Of less use to my own (late 15th century) campaign but far more interesting on the whole are the new armor rules; detailing the rarely-covered early 17th century armor preferences. You have stats for buff coats, helmets that do something without being unbalancing, pikeman's armor, and full armor for the mounted heavy cavalry and high-ranking figures.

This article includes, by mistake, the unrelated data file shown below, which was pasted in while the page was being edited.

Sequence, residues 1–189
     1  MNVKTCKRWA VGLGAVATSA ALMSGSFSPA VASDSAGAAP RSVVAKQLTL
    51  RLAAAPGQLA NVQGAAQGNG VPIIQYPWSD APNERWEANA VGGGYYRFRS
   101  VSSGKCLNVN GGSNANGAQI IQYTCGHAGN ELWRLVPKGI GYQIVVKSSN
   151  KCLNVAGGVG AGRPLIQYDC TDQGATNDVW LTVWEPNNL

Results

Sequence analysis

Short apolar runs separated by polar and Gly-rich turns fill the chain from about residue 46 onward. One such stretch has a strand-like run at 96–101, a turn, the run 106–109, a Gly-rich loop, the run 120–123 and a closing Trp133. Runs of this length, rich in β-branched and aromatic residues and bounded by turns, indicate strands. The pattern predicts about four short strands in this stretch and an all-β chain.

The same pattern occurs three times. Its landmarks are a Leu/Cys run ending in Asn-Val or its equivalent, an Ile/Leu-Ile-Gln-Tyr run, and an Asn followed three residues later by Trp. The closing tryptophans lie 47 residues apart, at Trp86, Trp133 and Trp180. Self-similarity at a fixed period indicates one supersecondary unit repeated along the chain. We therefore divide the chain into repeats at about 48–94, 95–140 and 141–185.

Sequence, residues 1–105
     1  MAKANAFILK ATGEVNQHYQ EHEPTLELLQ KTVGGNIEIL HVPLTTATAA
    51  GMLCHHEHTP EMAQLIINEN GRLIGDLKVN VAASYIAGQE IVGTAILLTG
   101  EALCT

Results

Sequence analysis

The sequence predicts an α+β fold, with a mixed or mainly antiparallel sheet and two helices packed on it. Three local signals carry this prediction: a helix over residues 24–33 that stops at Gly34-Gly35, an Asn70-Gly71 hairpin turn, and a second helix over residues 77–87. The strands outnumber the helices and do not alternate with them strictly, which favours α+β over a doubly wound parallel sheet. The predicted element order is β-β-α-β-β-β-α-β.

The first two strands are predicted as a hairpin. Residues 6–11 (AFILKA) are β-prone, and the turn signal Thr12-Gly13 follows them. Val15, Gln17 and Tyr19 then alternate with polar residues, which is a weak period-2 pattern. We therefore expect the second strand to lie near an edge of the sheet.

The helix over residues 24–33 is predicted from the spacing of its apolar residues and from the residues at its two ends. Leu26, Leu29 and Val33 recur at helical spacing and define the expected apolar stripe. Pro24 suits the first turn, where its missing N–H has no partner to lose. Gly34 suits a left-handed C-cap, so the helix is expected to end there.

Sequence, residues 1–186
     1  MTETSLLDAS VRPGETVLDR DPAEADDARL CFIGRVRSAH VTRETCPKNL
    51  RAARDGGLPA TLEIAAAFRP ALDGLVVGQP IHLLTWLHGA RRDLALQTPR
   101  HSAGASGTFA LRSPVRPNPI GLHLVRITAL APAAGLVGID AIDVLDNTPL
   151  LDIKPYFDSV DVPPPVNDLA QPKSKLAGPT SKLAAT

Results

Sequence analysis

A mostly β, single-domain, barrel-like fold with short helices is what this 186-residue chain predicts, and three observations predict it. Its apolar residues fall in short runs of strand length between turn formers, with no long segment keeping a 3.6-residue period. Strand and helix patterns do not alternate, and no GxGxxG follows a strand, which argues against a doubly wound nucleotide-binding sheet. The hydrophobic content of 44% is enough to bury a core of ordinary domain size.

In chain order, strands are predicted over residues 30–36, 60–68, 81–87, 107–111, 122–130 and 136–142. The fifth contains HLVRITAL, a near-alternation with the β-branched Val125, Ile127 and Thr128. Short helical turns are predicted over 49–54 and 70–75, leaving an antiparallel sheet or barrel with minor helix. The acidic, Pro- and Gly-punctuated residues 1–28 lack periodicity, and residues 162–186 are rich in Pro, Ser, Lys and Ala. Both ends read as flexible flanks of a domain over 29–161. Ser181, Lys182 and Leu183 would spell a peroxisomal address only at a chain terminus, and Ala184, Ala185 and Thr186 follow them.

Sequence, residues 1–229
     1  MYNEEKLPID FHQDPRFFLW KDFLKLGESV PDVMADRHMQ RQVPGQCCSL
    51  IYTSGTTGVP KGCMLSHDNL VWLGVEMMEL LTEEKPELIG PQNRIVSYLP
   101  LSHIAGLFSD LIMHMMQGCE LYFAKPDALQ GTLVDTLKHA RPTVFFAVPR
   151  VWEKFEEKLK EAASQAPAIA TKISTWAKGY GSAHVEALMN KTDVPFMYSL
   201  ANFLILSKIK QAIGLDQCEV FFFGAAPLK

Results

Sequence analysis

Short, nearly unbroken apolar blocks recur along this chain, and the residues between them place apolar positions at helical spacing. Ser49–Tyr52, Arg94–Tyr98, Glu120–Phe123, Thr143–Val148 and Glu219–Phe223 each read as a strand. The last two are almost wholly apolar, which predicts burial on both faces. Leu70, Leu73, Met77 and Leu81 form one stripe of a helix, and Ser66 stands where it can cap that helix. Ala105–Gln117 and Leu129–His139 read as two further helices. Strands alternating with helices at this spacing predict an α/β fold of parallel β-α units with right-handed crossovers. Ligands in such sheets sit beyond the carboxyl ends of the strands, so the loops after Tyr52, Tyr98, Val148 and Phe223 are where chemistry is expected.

I want to be really clear about Lamentations: while I don't really get or particularly like Raggi's ideas about "weird fantasy" (the bulk of which are, I repeat, NOT found in this book, but in the GM's guide, which in turn contains nothing of any importance to actual play, as my lengthy campaign without using it at all proves), and while I think the LotFP products evoke some mixed impressions on me (half of them are absolutely amazing, and half seem totally unappealing), there's no question to me that as a rules-set, LotFP is one of the absolute best in the OSR field. Apart from my own Arrows of Indra, the two OSR games I think are the very best in the field are Dungeon Crawl Classics (which represents the ultimate "out-there" extension of what you can do with the D&D ruleset) and LotFP (which represents the most ideal distillation of capturing the essencial core of the D&D game). If you love old-school play, this is the book for you; and its certainly playable for far more than just "weird fantasy".